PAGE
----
Installation of Mint 17.1 Cinnamon on VMWare

It's been 2.5 years since I posted an installation guide of installing Ubuntu 12.10 on VMWare Workstation but the release of Linux Mint 17.1 has prompted me to write an updated guide. This is the third of my guides, acting mostly as a memo for a quick install of new distros on VMWare, my first one written in 2009 (Linux on VMWare with later additions of other posts full of little hints and reminders (e.g. fonts, keymaps)).

Ingredients

Please note that these instructions work for most distros, although this post focuses on Mint 17.1

  • A downloaded ISO image of your favourite distro (Mint, Mint LMDE, Ubuntu, Debian)
  • A newly created virtual machine with 2-8GB of RAM, a 40-60GB disk and a couple of CPU cores.

Installation

Mount the ISO image to your VM's optical drive and boot it up, then follow the instructions to install your distro selecting your preferences (timezone, keyboard layout, etc.). For accessing your VM via ssh from your host, it helps if your Linux account has the same username as the one on your host OS (Windows, OS X)

Once the installation finishes and the VM boots up, log in with your newly created user account and password and admire the new clean desktop. It won't last long.

Change the Screen Resolution, Keyboard and Mouse speed

At this point I always change the screen resolution from the default 800x600 to something more appropriate that fits in your monitor (I assume you don't have a CRT from the late 90s), even though this is short-lived as we are installing VMWare tools with automatic screen resizing a bit later.

What I also do at this point, is set up the keyboard's repeat keys delay and speed, and the mouse's acceleration and sensitivity to my preferred values.

Terminal

Hit Ctrl+Alt+T to start the terminal. Linux Mint 17.1 Cinnamon also has a shortcut to the terminal on the bottom panel. Now, here's a good prompt and a quick alias to start with:

export PS1="\n\[\033[1;32m\]\u\[\033[1;37m\]@\[\033[0;32m\]\H\n\[\033[0m\][\[\033[1;33m\]\w\[\033[0m\]] "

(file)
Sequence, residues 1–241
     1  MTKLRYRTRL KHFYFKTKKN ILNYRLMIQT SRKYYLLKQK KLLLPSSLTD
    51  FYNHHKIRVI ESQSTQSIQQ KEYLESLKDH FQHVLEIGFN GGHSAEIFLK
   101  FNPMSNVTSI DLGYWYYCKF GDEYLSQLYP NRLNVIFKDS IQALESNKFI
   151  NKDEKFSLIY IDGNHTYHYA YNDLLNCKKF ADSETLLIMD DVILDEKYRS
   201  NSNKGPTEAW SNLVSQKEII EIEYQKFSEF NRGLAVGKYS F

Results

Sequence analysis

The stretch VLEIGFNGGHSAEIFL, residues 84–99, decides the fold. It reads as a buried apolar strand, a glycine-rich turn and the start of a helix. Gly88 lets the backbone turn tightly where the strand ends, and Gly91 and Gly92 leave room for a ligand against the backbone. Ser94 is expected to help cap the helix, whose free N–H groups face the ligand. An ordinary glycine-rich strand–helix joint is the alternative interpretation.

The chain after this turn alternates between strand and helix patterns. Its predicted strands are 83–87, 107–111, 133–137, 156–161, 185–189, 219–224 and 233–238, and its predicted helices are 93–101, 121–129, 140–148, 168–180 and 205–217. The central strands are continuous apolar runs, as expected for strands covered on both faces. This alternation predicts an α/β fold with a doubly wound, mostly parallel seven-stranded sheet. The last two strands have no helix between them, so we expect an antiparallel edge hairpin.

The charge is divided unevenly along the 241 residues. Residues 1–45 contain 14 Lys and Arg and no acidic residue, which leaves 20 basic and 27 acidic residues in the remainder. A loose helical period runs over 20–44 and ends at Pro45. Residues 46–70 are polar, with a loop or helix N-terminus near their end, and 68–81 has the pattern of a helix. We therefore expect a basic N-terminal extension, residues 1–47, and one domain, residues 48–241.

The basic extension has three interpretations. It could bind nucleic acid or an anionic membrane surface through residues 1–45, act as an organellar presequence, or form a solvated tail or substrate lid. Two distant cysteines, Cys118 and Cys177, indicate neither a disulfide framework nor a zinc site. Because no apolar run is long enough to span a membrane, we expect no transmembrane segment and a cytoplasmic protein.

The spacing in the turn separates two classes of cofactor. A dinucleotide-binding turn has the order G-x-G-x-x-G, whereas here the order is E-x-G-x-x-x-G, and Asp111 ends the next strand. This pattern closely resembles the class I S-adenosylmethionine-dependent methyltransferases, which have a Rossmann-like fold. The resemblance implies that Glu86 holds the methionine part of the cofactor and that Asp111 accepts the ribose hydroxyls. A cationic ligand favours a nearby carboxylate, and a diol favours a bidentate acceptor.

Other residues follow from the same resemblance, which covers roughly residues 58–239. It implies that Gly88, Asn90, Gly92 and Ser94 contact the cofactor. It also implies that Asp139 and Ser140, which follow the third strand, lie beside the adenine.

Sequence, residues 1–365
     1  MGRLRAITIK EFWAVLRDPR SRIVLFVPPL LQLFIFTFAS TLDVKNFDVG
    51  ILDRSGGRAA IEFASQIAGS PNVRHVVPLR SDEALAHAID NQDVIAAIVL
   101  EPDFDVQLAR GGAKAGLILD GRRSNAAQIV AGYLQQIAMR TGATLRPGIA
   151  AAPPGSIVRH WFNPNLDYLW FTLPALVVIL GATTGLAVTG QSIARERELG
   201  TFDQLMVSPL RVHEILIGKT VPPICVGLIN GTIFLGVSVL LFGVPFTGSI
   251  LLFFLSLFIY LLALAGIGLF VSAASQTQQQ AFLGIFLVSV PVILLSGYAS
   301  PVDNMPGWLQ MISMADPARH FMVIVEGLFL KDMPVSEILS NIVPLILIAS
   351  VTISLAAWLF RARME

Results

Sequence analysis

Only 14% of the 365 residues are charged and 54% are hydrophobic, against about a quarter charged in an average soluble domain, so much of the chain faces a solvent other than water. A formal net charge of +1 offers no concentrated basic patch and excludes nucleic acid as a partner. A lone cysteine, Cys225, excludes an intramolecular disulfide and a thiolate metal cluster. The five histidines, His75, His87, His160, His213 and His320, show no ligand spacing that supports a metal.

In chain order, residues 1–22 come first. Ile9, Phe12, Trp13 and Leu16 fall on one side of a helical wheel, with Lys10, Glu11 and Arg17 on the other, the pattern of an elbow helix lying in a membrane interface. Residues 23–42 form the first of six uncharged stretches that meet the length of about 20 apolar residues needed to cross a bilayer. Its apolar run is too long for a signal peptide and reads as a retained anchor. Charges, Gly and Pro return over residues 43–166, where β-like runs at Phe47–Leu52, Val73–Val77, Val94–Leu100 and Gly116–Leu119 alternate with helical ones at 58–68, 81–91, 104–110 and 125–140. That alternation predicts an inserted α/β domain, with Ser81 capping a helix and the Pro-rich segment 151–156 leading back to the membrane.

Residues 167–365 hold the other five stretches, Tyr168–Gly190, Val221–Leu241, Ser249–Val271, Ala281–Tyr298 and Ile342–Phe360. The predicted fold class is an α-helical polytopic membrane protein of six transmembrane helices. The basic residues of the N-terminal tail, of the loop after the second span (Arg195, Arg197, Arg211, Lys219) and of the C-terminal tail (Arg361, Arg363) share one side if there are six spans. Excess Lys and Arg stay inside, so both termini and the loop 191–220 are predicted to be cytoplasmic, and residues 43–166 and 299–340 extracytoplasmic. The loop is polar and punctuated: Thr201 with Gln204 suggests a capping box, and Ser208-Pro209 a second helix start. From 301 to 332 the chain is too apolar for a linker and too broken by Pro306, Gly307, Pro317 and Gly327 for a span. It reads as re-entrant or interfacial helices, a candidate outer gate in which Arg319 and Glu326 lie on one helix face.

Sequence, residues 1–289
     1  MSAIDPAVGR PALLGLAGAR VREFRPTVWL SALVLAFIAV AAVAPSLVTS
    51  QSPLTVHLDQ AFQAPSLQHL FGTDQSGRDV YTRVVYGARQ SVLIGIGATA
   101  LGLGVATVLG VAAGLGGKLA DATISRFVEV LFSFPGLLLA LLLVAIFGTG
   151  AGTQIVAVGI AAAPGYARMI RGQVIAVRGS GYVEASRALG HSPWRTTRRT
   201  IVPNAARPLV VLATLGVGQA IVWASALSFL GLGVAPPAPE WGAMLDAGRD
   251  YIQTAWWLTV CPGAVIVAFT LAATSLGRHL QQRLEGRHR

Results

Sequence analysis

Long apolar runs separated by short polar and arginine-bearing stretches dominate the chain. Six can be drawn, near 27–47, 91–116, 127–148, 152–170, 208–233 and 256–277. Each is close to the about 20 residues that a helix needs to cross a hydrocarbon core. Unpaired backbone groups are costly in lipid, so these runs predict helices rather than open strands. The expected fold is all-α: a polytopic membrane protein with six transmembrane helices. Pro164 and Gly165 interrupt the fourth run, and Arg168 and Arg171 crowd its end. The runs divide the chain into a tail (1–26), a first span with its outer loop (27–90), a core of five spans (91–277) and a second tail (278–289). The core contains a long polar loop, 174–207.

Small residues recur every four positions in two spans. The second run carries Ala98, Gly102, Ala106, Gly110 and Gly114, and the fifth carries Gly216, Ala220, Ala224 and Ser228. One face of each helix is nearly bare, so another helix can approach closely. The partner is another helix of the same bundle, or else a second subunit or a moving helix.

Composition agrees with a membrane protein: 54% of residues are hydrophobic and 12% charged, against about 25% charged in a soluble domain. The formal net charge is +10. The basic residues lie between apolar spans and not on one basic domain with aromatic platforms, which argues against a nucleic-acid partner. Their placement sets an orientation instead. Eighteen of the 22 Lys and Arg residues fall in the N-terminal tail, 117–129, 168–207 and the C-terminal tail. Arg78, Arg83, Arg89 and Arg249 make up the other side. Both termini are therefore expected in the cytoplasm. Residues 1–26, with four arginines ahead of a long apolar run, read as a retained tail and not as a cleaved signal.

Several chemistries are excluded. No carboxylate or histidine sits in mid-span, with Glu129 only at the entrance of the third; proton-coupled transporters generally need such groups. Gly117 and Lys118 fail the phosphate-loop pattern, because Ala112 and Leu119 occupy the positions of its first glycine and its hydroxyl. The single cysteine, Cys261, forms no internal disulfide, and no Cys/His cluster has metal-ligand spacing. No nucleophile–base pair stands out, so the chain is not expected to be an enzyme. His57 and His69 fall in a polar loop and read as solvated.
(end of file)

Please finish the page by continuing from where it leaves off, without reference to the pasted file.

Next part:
alias l="ls -lFa"

Enable root account (optional)

To enable the root account (disabled by default) type:

sudo passwd

Type your own password first, then choose a really difficult one for the root user (type it twice).

Log in as root if you can't be bothered to sudo all the time for the rest of the process:

su - root

Update local apt package system and install ssh

sudo apt-get update
sudo apt-get install ssh

Install additional packages

This is my preferred list of packages to start with, some are automatically added but I'm listing them here for completion:

sudo apt-get install zip mercurial git curl apache2
sudo apt-get install vim vim-gui-common vim-runtime

Install VMWare tools

Before installing VMWare tools we need to make sure that we have "make" and the gcc compiler, so quickly type:

sudo apt-get install make
sudo apt-get install gcc

On the latest Mint/Ubuntu these are installed by defaults, but it doesn't hurt it you just ensure they are there.

Install vmware tools by choosing VM -> Install VMWare tools... from VMWare Workstation's menu. This will mount a virtual DVD-ROM image that contains the VMWare tools tar archive. Right-click on the file named VMwareTools-x.x.x-xxxxxxx.tar.gz, and extract it on your desktop. Open a terminal window and type:

cd Desktop/vmware-tools-distrib
sudo ./vmware-install.pl

Follow the prompts, accepting all default directories. When it comes to options like "shared folders" etc. use your judgement.